# Number of needed samples for entropy estimation

I would like to estimate the entropy of a source generating binary vectors of length M which are very sparse (just a few 1s), using the naive (empirical) estimator $\hat{H}=-\sum\hat{p}(x)\log\hat{p}(x)$.

Is there some result on the number of samples needed to do this with certain precision, or equivalently, the error in calculating this value given finite number of samples?

Entropy estimation is a surprisingly difficult problem. The fundamental issue is that your estimate is heavily biased by "unobserved" events (which nevertheless have nonzero probability).

There are quite a few different entropy estimators designed specifically to address this problem. For instance, see the BUB esimator by Liam Paninski, the NSB estimator by Nemenman et al, the coverage-adjusted estimator by Vu et al (also see Chao et al, 2003), and the PYM estimator by Archer et al.

There are many other papers that address the problem. Each has a somewhat different approach, and some may be more appropriate under different situations. Several of the papers I suggest provide free code online which automatically computes an estimate and measure of confidence. You may also be interested in this and the R package 'entropy'.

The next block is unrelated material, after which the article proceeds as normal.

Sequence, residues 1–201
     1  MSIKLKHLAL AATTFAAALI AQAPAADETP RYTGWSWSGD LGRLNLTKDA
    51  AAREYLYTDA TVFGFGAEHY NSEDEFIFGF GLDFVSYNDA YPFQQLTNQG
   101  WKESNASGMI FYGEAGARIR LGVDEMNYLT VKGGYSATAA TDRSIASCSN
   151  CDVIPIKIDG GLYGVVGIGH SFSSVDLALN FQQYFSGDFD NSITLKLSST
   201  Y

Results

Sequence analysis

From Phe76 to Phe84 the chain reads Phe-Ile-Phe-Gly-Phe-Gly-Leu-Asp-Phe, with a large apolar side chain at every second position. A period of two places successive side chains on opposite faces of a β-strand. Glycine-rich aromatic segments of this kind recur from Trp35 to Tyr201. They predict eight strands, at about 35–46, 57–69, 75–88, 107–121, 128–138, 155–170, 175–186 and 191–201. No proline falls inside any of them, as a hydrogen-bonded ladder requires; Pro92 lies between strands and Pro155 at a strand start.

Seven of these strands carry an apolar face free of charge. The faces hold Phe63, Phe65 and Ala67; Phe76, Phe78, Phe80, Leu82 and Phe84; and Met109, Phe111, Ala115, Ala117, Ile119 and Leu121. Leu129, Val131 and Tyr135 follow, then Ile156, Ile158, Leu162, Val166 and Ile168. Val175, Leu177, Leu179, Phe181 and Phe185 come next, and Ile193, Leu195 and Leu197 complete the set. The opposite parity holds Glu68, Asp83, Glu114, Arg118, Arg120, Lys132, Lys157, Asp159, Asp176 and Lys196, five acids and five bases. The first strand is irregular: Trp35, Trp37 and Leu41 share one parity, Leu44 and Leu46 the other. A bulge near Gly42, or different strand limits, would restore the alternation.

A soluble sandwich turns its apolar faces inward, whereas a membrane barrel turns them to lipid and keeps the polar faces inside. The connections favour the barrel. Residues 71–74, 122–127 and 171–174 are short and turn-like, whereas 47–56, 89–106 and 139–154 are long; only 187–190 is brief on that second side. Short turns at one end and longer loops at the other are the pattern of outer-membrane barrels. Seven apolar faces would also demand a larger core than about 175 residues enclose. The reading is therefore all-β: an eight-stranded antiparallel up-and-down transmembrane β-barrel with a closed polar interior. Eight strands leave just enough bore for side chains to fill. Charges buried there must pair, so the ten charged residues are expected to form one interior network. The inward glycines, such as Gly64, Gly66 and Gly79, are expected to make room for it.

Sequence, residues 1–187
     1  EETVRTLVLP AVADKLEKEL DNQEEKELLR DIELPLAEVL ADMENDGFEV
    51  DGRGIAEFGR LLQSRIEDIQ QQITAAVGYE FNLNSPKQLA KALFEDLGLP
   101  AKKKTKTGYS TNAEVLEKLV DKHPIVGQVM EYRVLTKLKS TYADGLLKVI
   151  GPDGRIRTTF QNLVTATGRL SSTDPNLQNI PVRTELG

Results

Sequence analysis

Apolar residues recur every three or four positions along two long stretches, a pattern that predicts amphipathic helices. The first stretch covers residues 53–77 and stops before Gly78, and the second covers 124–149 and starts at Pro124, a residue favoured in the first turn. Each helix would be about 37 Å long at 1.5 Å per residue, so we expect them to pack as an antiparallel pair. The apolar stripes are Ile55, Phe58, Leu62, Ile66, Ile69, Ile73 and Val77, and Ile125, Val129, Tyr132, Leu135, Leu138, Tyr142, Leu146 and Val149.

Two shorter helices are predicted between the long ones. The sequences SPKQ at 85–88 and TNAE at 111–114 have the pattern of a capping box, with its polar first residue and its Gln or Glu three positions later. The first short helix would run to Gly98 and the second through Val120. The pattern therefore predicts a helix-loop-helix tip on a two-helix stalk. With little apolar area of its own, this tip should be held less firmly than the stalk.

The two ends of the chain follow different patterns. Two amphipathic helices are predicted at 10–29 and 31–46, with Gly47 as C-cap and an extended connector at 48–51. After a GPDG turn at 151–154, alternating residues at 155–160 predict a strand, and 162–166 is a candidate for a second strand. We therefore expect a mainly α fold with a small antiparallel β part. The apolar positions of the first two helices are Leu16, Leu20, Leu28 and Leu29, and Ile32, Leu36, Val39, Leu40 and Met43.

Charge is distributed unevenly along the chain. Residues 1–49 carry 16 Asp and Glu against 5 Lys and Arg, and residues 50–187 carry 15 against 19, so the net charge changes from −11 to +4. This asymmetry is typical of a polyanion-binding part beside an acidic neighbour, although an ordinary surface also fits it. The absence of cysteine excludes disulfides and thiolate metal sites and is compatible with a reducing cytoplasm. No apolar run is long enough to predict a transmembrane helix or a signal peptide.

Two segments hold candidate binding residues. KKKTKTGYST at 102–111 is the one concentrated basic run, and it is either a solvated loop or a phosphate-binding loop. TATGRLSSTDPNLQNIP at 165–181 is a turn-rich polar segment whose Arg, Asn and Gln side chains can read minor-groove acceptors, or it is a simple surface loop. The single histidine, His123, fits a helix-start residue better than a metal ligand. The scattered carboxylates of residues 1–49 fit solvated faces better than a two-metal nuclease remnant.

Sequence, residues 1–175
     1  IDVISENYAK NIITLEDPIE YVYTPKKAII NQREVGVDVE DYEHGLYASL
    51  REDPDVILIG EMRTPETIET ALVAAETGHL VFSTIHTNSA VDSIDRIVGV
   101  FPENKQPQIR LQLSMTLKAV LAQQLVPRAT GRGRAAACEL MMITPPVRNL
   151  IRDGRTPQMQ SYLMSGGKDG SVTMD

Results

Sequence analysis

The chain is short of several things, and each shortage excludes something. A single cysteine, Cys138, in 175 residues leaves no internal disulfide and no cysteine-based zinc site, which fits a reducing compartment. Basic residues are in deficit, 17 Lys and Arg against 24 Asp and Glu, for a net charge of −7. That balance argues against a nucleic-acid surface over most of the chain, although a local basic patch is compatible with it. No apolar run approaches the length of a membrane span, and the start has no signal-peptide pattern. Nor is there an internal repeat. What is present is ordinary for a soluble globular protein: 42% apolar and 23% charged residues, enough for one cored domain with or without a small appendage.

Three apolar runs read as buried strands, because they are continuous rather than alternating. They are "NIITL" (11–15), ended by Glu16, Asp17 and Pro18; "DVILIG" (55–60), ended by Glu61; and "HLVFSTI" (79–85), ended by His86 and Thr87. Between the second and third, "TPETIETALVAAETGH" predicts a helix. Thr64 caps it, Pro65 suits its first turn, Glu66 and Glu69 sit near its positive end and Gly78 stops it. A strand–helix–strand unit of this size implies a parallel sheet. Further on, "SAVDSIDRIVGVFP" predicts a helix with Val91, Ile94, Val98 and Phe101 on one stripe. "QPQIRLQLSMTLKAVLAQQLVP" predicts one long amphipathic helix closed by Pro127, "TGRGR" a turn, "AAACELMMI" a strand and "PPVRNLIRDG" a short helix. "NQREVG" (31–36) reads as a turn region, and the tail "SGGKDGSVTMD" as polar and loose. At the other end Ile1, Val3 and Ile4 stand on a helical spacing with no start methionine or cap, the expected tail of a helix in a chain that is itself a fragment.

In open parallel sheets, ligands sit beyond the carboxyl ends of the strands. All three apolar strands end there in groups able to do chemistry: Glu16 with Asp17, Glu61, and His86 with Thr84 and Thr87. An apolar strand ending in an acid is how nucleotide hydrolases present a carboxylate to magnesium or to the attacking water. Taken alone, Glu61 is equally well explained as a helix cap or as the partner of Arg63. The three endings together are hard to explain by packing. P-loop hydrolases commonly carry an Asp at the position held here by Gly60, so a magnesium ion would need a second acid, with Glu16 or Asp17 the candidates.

You need to apply standard propagation of uncertainty (in the non-linear case) to Poisson distribution (i.e. assuming that each count is independent).

That is, you need to expand $H(p_1+\Delta p_1, \ldots, p_n + \Delta p_n)$ in Taylor series of $n$ variables $(\Delta p_1,\ldots ,\Delta p_n)$ around $(0,\ldots, 0)$, i.e.: $$H(p_1+\Delta p_1, \ldots, p_n + \Delta p_n) =H(p_1,\ldots,p_n)-\frac{1}{\ln2}\sum_{i=1}^n (\ln p_i+1)\Delta p_i -\frac{1}{2\ln2} \sum_{i=1}^n p_i^{-1} \Delta p_i^2 + \ldots$$

Remembering that $p_i = \frac{N_i}{N}$ and calculating appropriate moments to as many terms as you want.

However, it does not work around $p_i=0$, as it has no Taylor expansion here. In such cases the only possibility I know is Monte Carlo - you estimate parameters of distributions, take random distributions and then take random results according to them and look at the distribution of results (here: entropy).

• In general, rare events are going to cause a giant problem for using MLE estimates of entropy, because lim x->0+ log(x) is inf. If you ever assign probability 0 to an event that actually happens, you have suffered infinite loss. – rrenaud Nov 3 '12 at 2:12
• @rrenaud For zero the error is not infinite (only Taylor expansion does not work here). It should be sth like $\log(N)/N$ (or maybe even less, for this case, e.g. $\log(\min(n,N))/\min(n,N)$, but I'm not sure). Of course, the problem arrises when you have a lot $p_i=0$ entries. In particular when you have infinite number of states $n=\infty$ and finite number of total counts $N$, the error is infinite (unless you make some more assumptions on the distribution of probabilities). – Piotr Migdal Nov 3 '12 at 10:49
• Yeah, I am very wrong, tried to apply intuition about cross entropy between two distributions to this, and it breaks down. – rrenaud Nov 3 '12 at 16:11